On Monday, January 21, at the Portage Theater, the Northwest Chicago Film Society presents yet another essential 35-millimeter screening of a rare classic: Chicago native Phil Karlson’s undervalued 1958 western Gunman’s Walk. A familial drama about the freewheeling, combative Ed Hackett (Tab Hunter) and his tumultuous relationships with his enabling father, Lee (Van Heflin), and his conciliatory brother, Davy (James Darren), the film is a lyrical tragedy with Shakespearean ambitions. It ranks among the best westerns of the late 1950s, a transformative era in which directors began to tamper with the genre’s established symbols and archetypes—where Native Americans had been represented as savage, untrustworthy others, for instance, they came to function as stand-ins for the burgeoning civil rights movement.
Hot-headed and racist, Ed is prone to belligerence and violence, fueled by a false sense of superiority instilled in him by his father—”Look here,” he tells the town sheriff, who’s warned him against drinking in public, “I’m free, white, male, over 21, and dry as a Texas duster.” When Ed deliberately knocks a half-white, half-Native cowboy off a cliff in hot pursuit of an albino mare—a Melvillian symbol rich with meaning—the crime forces Lee to hold himself accountable for his son’s upbringing. Meanwhile Davy struggles to find his place in a family that rejects his tenets of pacifism and racial tolerance. Marginalized but no less resolute, Davy represents the film’s moral center as well as the shifting zeitgeist; he’s something of a surrogate for Karlson, who sought to change the ways minorities were depicted in cinema.
Gunman’s Walk is as thematically compelling as any of the great westerns of the era, thanks in part to Karlson’s collaboration with the screenwriter Frank Nugent, who wrote or cowrote for John Ford such celebrated revisionist westerns as Wagon Master, Fort Apache, and The Searchers. The similarities Gunman’s Walk has to these and other films written by Nugent are prominent. Fort Apache and The Searchers are the most obvious companion pieces. Both films take a broad-minded approach to Native Americans and feature characters whose judgment is clouded by their belief in manifest destiny—also key themes in Gunman’s Walk.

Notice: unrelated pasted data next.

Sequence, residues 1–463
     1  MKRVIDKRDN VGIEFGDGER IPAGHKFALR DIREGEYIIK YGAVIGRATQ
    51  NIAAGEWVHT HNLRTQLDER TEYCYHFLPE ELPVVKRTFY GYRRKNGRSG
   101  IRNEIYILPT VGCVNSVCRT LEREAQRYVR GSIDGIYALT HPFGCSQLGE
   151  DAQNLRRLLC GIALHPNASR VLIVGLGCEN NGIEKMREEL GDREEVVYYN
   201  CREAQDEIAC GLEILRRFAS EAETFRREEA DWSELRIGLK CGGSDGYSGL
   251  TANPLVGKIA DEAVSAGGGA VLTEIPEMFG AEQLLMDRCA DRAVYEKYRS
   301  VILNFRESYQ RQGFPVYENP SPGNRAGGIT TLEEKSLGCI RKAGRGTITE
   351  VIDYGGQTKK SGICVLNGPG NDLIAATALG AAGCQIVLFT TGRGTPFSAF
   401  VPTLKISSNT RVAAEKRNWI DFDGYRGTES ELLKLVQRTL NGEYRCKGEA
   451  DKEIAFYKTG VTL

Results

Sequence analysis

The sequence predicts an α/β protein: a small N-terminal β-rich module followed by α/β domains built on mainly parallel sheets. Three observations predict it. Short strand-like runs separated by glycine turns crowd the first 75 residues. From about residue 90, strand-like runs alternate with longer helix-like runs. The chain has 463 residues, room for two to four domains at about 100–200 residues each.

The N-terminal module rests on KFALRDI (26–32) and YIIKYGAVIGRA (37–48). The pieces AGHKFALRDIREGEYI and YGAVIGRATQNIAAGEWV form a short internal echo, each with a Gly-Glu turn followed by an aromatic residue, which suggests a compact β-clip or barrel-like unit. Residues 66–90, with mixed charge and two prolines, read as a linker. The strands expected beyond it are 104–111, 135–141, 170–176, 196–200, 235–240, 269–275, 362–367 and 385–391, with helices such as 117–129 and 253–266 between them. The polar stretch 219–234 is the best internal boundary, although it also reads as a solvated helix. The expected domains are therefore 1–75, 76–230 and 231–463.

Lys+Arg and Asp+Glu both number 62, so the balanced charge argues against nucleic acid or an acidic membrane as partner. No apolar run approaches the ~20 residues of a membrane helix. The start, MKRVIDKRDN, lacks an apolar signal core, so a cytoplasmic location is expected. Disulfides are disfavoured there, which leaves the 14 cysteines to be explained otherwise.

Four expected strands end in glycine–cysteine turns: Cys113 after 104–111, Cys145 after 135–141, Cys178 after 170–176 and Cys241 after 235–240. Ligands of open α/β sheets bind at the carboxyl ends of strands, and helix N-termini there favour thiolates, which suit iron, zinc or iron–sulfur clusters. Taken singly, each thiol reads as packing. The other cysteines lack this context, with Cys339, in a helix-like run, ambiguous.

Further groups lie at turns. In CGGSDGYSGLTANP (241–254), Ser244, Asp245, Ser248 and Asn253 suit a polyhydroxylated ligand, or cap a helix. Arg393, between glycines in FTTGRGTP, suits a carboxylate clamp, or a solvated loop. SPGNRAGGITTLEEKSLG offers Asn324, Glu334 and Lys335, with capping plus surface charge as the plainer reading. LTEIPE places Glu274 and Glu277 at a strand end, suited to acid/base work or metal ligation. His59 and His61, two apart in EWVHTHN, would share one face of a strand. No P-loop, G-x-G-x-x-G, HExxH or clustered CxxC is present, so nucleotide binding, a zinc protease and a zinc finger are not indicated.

Nugent and Karlson began their working relationship with another underappreciated film, They Rode West (1954), which is racially progressive and promotes nonviolence as a means to resolve conflict. It tells the story of a heroic doctor, played by Robert Francis, who’s been assigned to a cavalry post known for its barbaric treatment of Native Americans. Intent on helping the Indians rather than hurting them—he proposes to treat their malaria with medicine intended for the white cavalrymen—Francis eventually aligns himself with the local tribe, finding that the chief has raised a white girl who was abandoned by her parents. Karlson and Nugent pointedly undermine the stereotype of Native American barbarism, depicting Francis’s adopted community as civilized while condemning the Anglos as savage and inhumane.
This progressive vision of racial harmony would go further with Karlson’s scathing political noir The Phenix City Story (1955), which depicts, among other things, a white community’s oppression of an African-American minority; like They Rode West, it also advocates nonviolence. The Phenix City Story tells of a series of events that took place in Phenix City, Alabama, a small town riddled with organized crime, police corruption, and racism. After failed attempts by its citizens to thwart vigilantism with more vigilantism, the town rallies around a gallant lawyer who runs for state attorney general and vows to bring the criminals to justice. Nugent wasn’t involved with the film’s script—Daniel Mainwaring, who helped write the likeminded Joseph Losey film The Lawless (1950), coauthored alongside Crane Wilbur—but his presence is felt in Karlson’s expertly expressed moral outrage.
Finally, after They Rode West and The Phenix City Story, Karlson’s war drama Hell to Eternity (1960) explores the internment of Japanese Americans following the bombing of Pearl Harbor. It’s the last installment of an increasingly leftist trilogy of films, each one taking strides in indicting social and racial inequality as U.S.-style democracy’s primary shortcoming.
Gunman’s Walk occupies a unique place in Karlson’s oeuvre. It was the next significant film he made following The Phenix City Story—he spent the three years in between mostly directing television, as well as the minor mob drama The Brothers Rico (1957)—and it predates Hell to Eternity. Though it’s strong enough to stand on its own, Gunman’s Walk‘s merits are bolstered further when you consider the director’s work as a whole. Despite the deep conviction he showed in probing social issues hitherto unexplored in mainstream cinema, Karlson is generally regarded, unfairly, as a B-movie director—something that would change if revelatory films like Gunman’s Walk were more widely available.